It shows there are three distinct clauses - indicated by the PC (which stands for Primary Clause) but does not give any indication of how these clauses are related. It is a relatively simple structure but uses terms and abbreviations which can take some getting used to:

  • S indicates the Subject of the clause.
  • P indicates the Predicator of the clause, which can be considered as the verbal component.
  • C indicates a Complement while A indicates an Adjunct, both of which are related to the Predicator, or verbal function. The complement “completes” the predicator so, in the third clause, it completes the statement about what the word was. The adjunct provides information about what was going on so, in the second clause, it shows where the word was.
  • cj Indicates a Conjunction that serves to link clauses together.
  • wg is a word group that, in general, contains a group of words. As can be seen from the example above, a word group often contains a single word.
  • hd is a head term, which is a way of indicating a word that does not modify any others words in its word group.
  • sp is a modifier that classifies or identifies the word it modifies. So in the third clause above, λόγος is the head term with the specifier making it clear that the word being spoken about is “the word.”

It is a simple, hierarchical structure with quite a limited set of terms. This can make it easy to use once you are familiar with the terminology but it is somewhat limited compared to the others. To see the definition of all terms used, consult the glossary.

One of the uses of these searches is to find where structures that appear in a particular verse appear elsewhere in the New Testament. So to find all occurrences in the New Testament with structures that match those referring to the λόγος in each clause of John 1:1, and that also include the word λόγος, you need a search similar to the one shown below (we will look at how to construct these searches later in the article):

Note how the same terms are used and how the structure matches what is shown in the Clause Analysis resource.

This shows that this construct, where the word λόγος is used along with this particular syntactic pattern, occurs 247 times in the Greek New Testament including three times in the verse we are looking at.

Note that the results for John 2:22 and 4:39 highlight much larger portions of text. Looking at the clause analysis shows why this is the case. For example, John 2:22 has:

The entire structure outlined in blue above matches the search definition which explains why more words are highlighted in the results.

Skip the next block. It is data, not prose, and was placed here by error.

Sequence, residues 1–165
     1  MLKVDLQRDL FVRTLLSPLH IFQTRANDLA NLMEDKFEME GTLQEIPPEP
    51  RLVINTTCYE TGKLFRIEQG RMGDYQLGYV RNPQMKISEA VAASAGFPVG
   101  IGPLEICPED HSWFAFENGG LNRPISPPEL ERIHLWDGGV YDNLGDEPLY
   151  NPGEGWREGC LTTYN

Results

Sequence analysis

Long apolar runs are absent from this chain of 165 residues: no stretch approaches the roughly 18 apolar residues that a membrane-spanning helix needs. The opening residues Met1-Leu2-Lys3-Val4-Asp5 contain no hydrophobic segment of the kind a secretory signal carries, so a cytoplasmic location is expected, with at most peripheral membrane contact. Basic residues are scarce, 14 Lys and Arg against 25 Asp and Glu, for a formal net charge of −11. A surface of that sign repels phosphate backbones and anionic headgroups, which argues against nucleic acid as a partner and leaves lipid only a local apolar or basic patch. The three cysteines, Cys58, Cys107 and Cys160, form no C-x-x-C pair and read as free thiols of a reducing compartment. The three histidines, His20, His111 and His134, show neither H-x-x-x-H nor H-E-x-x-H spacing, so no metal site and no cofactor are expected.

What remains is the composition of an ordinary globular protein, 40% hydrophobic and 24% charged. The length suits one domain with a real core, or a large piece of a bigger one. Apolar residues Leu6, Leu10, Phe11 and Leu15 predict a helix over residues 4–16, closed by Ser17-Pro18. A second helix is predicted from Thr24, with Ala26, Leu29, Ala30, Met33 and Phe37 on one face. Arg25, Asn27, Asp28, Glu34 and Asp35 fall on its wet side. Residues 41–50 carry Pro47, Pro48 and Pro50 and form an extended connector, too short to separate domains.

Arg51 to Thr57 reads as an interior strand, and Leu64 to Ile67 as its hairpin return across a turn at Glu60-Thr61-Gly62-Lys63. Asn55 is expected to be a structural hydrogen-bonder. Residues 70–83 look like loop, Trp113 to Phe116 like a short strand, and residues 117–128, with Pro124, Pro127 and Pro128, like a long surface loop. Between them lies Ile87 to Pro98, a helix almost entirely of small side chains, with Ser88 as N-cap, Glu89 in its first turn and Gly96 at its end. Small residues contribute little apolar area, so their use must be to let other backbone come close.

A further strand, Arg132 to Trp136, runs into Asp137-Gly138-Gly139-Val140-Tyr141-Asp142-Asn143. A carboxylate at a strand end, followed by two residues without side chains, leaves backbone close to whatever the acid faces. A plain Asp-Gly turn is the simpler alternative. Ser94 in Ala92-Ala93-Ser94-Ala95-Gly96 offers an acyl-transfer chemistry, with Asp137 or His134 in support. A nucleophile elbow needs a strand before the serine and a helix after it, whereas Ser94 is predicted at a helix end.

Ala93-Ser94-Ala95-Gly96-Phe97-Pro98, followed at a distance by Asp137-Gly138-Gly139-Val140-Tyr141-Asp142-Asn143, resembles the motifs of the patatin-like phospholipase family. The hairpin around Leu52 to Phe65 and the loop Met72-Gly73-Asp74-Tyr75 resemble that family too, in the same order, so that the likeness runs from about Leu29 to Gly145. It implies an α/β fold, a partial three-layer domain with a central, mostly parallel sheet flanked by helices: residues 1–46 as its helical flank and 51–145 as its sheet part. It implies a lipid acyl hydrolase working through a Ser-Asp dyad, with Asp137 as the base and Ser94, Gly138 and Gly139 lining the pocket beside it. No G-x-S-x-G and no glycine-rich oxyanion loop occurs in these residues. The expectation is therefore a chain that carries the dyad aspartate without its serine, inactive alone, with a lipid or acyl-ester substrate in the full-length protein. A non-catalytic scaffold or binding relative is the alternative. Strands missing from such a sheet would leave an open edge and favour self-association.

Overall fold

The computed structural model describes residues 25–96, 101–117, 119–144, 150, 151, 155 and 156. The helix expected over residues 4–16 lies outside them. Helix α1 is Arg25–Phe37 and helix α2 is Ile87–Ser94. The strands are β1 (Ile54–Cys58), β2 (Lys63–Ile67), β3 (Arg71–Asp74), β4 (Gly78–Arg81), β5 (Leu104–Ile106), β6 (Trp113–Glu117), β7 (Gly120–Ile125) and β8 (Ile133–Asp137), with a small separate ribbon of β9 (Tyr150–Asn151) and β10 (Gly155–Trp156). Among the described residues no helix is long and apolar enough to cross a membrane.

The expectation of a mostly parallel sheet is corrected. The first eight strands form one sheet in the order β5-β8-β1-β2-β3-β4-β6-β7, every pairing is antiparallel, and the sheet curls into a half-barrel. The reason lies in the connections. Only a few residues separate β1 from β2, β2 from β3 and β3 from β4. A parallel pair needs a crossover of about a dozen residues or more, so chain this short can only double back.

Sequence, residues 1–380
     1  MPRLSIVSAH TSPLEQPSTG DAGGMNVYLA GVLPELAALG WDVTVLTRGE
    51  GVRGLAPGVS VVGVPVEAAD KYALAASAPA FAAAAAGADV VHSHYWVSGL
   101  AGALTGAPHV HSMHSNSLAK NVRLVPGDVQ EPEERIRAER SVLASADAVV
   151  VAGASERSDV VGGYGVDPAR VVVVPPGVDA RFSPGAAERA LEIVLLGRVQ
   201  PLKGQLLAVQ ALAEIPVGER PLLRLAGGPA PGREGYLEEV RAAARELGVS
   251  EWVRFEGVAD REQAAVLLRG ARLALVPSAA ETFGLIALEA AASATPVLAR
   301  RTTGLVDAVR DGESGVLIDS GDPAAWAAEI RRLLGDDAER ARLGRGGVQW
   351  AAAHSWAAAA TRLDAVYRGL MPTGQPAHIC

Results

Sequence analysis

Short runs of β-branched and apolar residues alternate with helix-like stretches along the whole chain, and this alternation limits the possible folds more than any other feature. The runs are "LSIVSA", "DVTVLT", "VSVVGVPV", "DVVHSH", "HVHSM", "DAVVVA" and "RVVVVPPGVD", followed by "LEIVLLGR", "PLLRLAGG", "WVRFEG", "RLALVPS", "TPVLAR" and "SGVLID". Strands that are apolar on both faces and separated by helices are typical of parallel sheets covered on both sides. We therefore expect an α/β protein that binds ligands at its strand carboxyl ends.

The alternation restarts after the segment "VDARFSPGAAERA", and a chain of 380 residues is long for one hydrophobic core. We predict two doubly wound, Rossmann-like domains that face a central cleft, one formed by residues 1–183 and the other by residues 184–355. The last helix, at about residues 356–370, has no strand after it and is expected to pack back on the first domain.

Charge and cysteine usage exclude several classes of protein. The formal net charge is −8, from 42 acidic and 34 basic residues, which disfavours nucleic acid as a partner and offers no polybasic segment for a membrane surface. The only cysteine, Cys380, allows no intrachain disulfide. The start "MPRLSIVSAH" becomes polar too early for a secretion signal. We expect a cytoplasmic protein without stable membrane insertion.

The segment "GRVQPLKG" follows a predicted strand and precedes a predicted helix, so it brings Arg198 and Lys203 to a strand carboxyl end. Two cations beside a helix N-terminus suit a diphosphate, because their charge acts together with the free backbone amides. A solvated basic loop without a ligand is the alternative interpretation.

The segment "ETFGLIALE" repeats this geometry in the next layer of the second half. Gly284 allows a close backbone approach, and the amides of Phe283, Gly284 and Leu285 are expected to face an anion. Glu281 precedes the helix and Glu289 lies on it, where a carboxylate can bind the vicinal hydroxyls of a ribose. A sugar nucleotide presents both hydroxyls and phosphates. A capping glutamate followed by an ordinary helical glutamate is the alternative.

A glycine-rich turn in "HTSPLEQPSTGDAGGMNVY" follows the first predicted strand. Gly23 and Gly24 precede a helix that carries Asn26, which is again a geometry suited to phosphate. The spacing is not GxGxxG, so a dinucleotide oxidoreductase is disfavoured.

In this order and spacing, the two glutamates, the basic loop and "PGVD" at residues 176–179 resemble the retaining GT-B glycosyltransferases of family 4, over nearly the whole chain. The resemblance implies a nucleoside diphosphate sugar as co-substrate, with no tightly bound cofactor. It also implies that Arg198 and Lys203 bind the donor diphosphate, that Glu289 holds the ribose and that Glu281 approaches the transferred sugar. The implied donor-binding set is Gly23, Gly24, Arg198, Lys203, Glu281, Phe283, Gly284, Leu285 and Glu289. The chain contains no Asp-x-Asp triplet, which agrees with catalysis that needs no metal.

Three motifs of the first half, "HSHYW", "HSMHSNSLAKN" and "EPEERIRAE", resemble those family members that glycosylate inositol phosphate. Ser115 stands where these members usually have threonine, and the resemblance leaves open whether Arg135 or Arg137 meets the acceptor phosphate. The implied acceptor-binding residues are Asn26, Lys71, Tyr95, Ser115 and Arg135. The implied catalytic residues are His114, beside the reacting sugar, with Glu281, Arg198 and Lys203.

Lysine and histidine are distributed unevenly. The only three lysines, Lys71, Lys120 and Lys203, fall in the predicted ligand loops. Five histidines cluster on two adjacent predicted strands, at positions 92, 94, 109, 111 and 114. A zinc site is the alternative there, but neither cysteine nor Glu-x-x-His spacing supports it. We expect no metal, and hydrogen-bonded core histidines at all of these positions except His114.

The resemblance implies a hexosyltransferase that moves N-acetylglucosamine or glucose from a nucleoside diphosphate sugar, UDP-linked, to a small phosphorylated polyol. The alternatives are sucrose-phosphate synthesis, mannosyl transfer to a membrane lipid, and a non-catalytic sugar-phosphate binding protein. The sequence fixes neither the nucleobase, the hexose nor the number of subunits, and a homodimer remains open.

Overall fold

Cascadia Tagging of John 1:1

To open this resource from the library, enter the command Open cascadia in your command box and select one of the Syntax Graphs resources from the dropdown menu. The different resources relate to different versions of the Greek New Testament. In this article, we will use the SBL edition (based on the text from the Society of Biblical Literature).

If you don’t have this resource, it is available here, in the Logos 9 Full Feature Upgrade, and in the Logos 9 Gold package.

Then find the passage you are interested in by entering it in the reference box.

The Cascadia resource analyzes John 1:1 as shown below:

Note that it includes the concept of a sentence indicated by Sn.

It shows that there are three separate clauses (indicated by CL) joined together by conjunctions indicated by conj.

Some of the terms used are:

  • S indicates the Subject Function of the clause
  • VC indicates a Verbal Copula Function - one of a number of verb indicators with this one indicating that there is a relationship between the Subject and the Verb as opposed to the Subject carrying out a particular action
  • P indicates a Predicate Function which states something about the Subject
  • np indicates a Nominal Phrase which is a phrase with a noun (or a word acting as a noun) at its head
  • pp indicates a Prepositional Phrase which contains a preposition and the nominal phrase it governs

It is much richer and more detailed than the OpenText analysis and enables the construction of more focused searches. To see the definition of all terms used, consult the glossary.